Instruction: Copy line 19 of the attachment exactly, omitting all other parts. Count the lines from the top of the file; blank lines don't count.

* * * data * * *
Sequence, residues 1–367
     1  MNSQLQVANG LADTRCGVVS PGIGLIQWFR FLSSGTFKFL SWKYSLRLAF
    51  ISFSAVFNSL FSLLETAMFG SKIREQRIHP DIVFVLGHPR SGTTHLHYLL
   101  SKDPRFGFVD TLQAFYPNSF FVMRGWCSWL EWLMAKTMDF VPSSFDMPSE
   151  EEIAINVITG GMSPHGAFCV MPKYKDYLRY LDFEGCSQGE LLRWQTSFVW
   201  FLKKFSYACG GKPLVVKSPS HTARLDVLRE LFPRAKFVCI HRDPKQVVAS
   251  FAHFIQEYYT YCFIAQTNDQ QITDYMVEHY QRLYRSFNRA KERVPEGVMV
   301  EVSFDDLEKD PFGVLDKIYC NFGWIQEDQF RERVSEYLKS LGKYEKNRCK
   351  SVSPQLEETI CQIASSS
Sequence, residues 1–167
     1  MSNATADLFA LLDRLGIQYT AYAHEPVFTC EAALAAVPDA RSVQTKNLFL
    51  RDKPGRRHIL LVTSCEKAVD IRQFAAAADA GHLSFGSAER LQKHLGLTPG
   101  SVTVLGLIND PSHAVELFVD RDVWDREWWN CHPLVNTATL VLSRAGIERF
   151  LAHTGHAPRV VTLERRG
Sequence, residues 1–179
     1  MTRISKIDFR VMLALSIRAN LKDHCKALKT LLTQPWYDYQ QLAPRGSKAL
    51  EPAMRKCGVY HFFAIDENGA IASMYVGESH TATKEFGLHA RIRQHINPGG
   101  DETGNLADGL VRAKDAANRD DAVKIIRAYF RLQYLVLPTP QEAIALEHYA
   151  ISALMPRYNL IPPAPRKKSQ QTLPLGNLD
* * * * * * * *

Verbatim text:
   151  ISALMPRYNL IPPAPRKKSQ QTLPLGNLD